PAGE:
“I’m bored.” How many times have you heard your child say this to you? Or your sibling and/or friend? How many times have you said this statement to yourself? Boredom and “feeling bored” is bound to happen at least a few times within our lifetimes – but what actually is boredom?

Boredom is defined as a “state of mind characterized by lack of interest, stimulation or some sort of challenge.” The boredom can be due to external factors, such as environment, or internal factors, such as not feeling a sense of purpose. It can be due to low levels of mental stimulation, routine/repetitive tasks, not enough choice over daily activities, and even lack of sleep/increased fatigued. There is also chronic boredom which can be attributed to mental health disorders, such as depression. Boredom can also happen in a multitude of different settings, including school, work or even during downtime and periods of rest. Essentially boredom can be a common occurrence for many people among many different settings.

Not only can boredom show up in different settings, but it can also present itself in many different ways. Some ways include:

  • Lack of interest in activities
  • Unable to stay interested or focus for long periods
  • Difficulty staying motivated
  • Unable to fully relax or rest

Now it is important to note that most, if not all, of these signs of boredom can also be signs of something else. Being unable to stay interested or focused for long periods of time or difficulty to fully relax can be signs of both anxiety and attention-deficit hyperactivity disorder (ADHD), whereas lack of interest in activities you used to enjoy can be a sign of burnout or even depression. If you are experiencing all of these symptoms, especially if it is disruptive to everyday life, it may be a good idea to talk to a mental health professional who can help discern if you have depression and/or another mental health disorder.

However, if what you are experiencing is boredom, there are ways to combat this. The first step would be to try and identify the source(s) or root cause(s) behind the boredom. Maybe it is due to not feeling mentally stimulated enough, whether in work, school or both. This could be due to repetitive work tasks or the tasks themselves no feeling fulfilling or rewarding enough. It could also be due to external factors, such as location. Once you identify the main cause(s) of the boredom, it will be easier to take steps on addressing it.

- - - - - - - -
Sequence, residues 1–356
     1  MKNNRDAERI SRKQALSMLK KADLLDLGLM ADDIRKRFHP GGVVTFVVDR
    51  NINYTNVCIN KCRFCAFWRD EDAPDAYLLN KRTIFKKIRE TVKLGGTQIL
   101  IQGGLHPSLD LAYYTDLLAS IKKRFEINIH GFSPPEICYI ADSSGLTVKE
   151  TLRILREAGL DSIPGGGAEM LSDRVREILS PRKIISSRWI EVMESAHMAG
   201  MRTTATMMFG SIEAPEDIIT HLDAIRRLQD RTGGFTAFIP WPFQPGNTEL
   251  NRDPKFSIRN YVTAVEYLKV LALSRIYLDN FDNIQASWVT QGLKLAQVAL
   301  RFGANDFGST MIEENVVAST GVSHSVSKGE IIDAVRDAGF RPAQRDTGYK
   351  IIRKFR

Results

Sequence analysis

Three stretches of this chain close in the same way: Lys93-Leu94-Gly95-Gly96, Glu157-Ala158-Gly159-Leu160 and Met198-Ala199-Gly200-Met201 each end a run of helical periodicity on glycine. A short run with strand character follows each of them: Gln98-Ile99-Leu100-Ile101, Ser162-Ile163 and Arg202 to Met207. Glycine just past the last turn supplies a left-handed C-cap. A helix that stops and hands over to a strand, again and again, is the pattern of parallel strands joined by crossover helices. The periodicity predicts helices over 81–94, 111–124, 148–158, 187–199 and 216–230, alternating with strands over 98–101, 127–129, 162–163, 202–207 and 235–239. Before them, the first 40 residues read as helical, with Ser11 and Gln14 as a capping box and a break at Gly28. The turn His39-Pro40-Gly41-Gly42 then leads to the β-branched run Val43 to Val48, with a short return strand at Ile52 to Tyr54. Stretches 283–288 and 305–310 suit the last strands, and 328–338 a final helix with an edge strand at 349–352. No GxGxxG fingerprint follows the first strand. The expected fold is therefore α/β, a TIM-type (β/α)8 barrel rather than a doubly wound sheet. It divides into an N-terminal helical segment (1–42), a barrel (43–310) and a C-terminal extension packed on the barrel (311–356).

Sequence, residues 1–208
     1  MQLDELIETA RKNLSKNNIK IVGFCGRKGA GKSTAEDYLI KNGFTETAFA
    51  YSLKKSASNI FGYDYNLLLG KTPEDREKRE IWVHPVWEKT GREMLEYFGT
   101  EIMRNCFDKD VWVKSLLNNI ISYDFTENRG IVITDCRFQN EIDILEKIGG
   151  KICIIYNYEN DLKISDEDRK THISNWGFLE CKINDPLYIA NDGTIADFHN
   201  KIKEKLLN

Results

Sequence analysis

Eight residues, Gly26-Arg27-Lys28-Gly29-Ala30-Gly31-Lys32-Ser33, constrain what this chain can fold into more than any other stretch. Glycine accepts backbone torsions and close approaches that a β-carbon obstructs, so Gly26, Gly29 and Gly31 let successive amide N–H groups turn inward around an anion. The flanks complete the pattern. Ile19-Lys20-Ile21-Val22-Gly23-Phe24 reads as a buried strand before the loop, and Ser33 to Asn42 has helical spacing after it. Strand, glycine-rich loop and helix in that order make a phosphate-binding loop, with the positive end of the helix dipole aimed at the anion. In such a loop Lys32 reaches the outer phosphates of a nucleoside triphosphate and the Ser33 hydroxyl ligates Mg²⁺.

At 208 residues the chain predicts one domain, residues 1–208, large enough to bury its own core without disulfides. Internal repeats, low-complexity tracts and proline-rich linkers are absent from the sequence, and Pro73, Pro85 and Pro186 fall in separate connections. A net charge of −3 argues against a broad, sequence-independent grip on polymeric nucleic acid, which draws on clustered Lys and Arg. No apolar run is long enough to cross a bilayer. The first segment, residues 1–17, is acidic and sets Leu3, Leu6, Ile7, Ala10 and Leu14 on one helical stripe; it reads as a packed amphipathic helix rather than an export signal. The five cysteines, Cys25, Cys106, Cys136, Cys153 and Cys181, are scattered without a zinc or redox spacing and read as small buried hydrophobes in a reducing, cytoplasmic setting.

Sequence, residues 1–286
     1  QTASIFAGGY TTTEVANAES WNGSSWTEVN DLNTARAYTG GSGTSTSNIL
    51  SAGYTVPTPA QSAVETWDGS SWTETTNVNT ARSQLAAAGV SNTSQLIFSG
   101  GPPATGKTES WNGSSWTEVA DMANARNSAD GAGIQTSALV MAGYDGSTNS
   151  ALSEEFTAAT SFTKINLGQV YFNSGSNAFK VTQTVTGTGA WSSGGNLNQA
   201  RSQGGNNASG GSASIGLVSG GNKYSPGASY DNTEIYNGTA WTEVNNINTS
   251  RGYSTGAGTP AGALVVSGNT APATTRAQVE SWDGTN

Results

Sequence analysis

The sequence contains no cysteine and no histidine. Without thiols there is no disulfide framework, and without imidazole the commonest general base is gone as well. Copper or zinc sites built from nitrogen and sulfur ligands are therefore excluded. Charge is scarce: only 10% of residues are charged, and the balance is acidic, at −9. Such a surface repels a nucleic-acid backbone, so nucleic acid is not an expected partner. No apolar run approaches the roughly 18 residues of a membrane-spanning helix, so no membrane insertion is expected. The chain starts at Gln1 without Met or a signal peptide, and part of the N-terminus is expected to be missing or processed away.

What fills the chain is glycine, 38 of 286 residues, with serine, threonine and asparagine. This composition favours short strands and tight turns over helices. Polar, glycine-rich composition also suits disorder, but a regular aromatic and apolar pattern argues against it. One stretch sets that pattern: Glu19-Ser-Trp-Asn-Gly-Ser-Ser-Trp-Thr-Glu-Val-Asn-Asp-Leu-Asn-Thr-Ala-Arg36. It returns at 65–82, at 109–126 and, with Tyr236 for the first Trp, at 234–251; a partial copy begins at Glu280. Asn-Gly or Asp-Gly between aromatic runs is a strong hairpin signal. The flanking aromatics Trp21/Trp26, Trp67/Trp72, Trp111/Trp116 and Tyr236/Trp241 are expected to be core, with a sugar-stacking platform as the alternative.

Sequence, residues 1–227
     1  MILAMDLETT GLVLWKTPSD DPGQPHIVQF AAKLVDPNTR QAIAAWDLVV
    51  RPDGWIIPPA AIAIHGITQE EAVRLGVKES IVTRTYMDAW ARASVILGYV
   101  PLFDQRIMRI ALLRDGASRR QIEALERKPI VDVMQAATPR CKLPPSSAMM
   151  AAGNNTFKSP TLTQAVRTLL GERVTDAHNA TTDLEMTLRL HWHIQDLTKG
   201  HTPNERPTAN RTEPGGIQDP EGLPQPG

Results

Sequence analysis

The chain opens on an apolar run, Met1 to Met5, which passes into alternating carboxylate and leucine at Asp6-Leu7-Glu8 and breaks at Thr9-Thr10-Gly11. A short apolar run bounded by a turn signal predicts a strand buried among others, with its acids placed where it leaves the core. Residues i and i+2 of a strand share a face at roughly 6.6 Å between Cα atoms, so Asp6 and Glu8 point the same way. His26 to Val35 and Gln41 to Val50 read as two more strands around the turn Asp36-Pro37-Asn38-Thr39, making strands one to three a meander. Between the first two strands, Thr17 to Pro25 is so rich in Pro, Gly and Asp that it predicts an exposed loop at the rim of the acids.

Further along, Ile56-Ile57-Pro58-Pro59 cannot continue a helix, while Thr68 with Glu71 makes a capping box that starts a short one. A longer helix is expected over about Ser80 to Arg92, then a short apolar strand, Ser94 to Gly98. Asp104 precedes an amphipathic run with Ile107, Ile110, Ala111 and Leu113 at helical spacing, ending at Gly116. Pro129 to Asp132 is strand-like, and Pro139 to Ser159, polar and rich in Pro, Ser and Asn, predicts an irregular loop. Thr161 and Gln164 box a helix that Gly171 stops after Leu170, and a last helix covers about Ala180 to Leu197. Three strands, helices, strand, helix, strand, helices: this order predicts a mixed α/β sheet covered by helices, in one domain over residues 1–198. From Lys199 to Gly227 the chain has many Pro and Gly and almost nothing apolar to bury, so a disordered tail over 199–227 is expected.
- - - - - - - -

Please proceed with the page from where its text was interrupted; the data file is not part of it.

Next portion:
While there isn’t a particular “treatment” for boredom, there are ways you can help “fix” it. Some ideas include:

1. Try a new hobby or activity. This can be something such as pottery, crocheting, candle-making, calligraphy, learning an instrument, or dance. Classes for a variety of activities can be found at your local community center or on websites such as Eventbrite.com. By taking an in-person class you also have the benefit of meeting new people and making friends. However, there are also plenty of options to learn a new hobby virtually and doesn’t (generally) cost any money, by using websites such as Udemy or YouTube.

2. Change Your Environment. Something that can also help if you’re feeling bored is a change of environment. While this can look like going somewhere specific, like a museum, the cinema, a café, etc., it can also look like simply going outside and taking a walk. Another idea is to bring your hobbies outdoors, such as bringing out a new book or sketch pad.

3. Practice Mindfulness. While boredom can be helped by doing activities, a change of environment, etc., it can also be helpful to learn mindfulness techniques. These strategies, such as meditation, body scans, and various breathing exercises, have been shown to help reduce feelings of boredom, at least in that moment.

4. Have a Conversation. This can be with a friend, family member, colleague, partner, neighbor, therapist, or complete stranger. Sometimes boredom is actually loneliness and meeting up with a friend to catch up or talking with someone new can help!  

5. Be Careful with Technology. This is something that I need to actively work on myself, but automatically turning to technology (specifically mindlessly scrolling through social media) is not always the best first choice to “cure” boredom. This doesn’t mean avoid it altogether, as you can find a lot of good things to help boredom online, such as online classes, recipes, tutorials, meetup/event groups, and more. However, it shouldn’t always be the first (and only) thing you turn to when you’re feeling bored.

6. Embrace the Boredom.  While this isn’t necessarily a tip to reduce the boredom, it is important to realize that it is OK to feel bored – and completely normal! For children especially, it is stated that being bored allows for them to “strengthen their creative muscles and learn to cope with feelings of boredom later in life.”

As mentioned, boredom is normal and ultimately something you can’t avoid – but this doesn’t mean you always have to be bored! By switching up your routine a little, or chatting up an old (or new!) acquaintance, you can break up the monotony. Boredom can be an uncomfortable feeling, but it doesn’t have to be!

Staff Blogger: Mollie Clupper

Mollie Clupper works for MHA as a Communications and Support Specialist. Using her own experiences, she wants to help bring awareness and end the stigma surrounding mental health. In her spare time, she enjoys hiking, drinking coffee, and spending time with loved ones.